by Lisa Mickley, Attorney at Hall & Evans
Ten years ago I would not have touched the issue of diversity (let alone inclusion) with a ten-foot pole. I mean that quite seriously; I would likely not have even engaged in a conversation about it, let alone broached the subject. My view was, ‘the world is the way it is, deal and get on with it.’ As much as anything, this was probably because that is how I saw my mother handle adversity in the workplace; I didn’t need to change the world, my task was to navigate it.
But then I was asked by my firm’s management to become involved in the issue; I was unofficially designated the “diversity liaison” and my new awareness, and ultimately passion, were born. One seminal change was that I no longer viewed the issue from a personal perspective but one in which I engaged on behalf of others (a very female attitude, I know). Over the last several years, as my responsibilities in the firm grew, so did my understanding and appreciation of the challenges faced by diverse attorneys, and by firms and legal departments – because of my involvement with the Center for Legal Inclusiveness.
By understanding, I don’t mean just the stats. I mean, the dynamics. Things I felt and perceived at some subconscious level years ago became identifiable and understandable. Previously invisible hurdles became recognizable policies/practices/procedures to revise. Subtle inequities and “hidden” institutional barriers became increasingly visible and, therefore, addressable. There is no easy fix to these challenges which are rooted in long-held beliefs, social norms, and the human condition. Being able to not only perceive that problems exist, but having a vocabulary and framework for identifying and understanding them, is a critical starting point to resolving one of the most significant challenges faced by our industry. That is where CLI comes in.
I understand that when CLI was formed (originally named the Colorado Campaign for Inclusive Excellence), the original members believed the organization would be short-lived and its 10-year anniversary would be about celebrating “Mission Accomplished.” We are not there yet. Indeed, I think most of us recognize that we have only just begun to tackle these difficult and intransigent challenges. Efforts to create an inclusive legal industry will likely go on longer than will my career. CLI’s mission is as prescient now as it ever was.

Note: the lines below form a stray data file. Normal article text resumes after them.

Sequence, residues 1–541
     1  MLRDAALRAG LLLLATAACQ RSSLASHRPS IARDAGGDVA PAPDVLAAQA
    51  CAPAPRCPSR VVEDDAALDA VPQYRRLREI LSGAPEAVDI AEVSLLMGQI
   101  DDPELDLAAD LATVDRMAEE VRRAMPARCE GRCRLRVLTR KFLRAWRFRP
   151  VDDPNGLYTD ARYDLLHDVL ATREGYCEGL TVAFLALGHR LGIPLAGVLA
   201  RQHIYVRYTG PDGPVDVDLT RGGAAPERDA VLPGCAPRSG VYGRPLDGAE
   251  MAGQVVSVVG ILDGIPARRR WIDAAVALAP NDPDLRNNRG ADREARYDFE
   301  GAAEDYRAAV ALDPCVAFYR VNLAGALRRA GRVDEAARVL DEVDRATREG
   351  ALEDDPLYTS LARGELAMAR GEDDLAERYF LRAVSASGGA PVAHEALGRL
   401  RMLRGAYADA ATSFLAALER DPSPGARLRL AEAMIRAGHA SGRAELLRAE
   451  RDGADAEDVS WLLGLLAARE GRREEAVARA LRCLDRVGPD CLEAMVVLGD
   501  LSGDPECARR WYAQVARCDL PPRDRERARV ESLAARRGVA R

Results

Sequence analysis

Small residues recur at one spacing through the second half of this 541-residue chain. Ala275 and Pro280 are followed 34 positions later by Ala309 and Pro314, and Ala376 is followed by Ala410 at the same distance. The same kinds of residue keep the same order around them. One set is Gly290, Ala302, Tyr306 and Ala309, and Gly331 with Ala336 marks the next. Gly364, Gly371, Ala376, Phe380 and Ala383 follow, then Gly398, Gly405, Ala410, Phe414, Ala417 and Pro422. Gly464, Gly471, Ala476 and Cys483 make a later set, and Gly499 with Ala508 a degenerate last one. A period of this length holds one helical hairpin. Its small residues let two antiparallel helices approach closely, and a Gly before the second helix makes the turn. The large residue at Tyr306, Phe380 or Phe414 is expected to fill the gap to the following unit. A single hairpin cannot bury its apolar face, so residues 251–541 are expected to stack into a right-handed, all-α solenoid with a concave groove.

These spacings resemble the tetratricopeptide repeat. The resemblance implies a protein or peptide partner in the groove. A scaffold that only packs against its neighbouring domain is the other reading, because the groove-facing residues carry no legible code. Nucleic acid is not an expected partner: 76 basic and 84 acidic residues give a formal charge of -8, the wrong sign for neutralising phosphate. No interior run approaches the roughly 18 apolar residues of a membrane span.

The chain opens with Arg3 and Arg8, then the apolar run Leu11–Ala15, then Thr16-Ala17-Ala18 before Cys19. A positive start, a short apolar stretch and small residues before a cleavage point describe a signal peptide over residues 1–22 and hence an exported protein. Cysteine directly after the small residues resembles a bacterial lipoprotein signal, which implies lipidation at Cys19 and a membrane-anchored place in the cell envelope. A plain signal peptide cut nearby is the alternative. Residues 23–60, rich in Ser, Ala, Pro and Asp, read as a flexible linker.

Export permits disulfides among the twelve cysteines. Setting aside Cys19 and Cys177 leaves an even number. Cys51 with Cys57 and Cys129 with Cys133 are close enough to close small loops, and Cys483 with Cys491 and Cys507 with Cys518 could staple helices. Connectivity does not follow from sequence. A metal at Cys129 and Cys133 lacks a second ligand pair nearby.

As attorneys, we spend our days solving problems, finding solutions, wrapping up the deal. We complete one file/project/problem and move on to the next; some may take longer than others, but they all come to an end-point. I think this predisposes us to think in terms of definable, tangible resolutions, a finish line. Tackling the challenges of diversity and inclusion is anything but that. Yes, there are definable, tangible goals, but this is about process – in both execution and objective. Two steps forward, one step back is the norm. This process is neither linear nor finite.
Ultimately, this process is largely about self-awareness, both personally and institutionally. What is our culture? Is everyone a full participant in the culture? Does our culture welcome everyone? What hidden barriers do I/we embed? What talent might we be overlooking because of our own blind spots? Do we have disparate attrition? How much is it costing us? Does our hiring process attract or discourage diverse candidates? Is our promotion process fair? It is meritorious? Or is it driven by our comfort level? How prevalent are microinequities in our firm? How can I and my peers best answer that question? What challenges am I not yet seeing?
These are just a few of the questions that would never have occurred to me ten years ago but ones I now face regularly. It’s not easy. It’s not simple. And it’s not straightforward. But it is essential, for a whole host of reasons. My personal process began with an understanding that these were questions worthy of asking. Now my process is focused on the questions themselves, as well as raising these questions for others, both inside and outside my firm. CLI has been critical to my process (and essential to my progress), as an invaluable resource, educator, guide, and cheerleader. Its mission is now my mission. Without a doubt, a lot can change in ten years.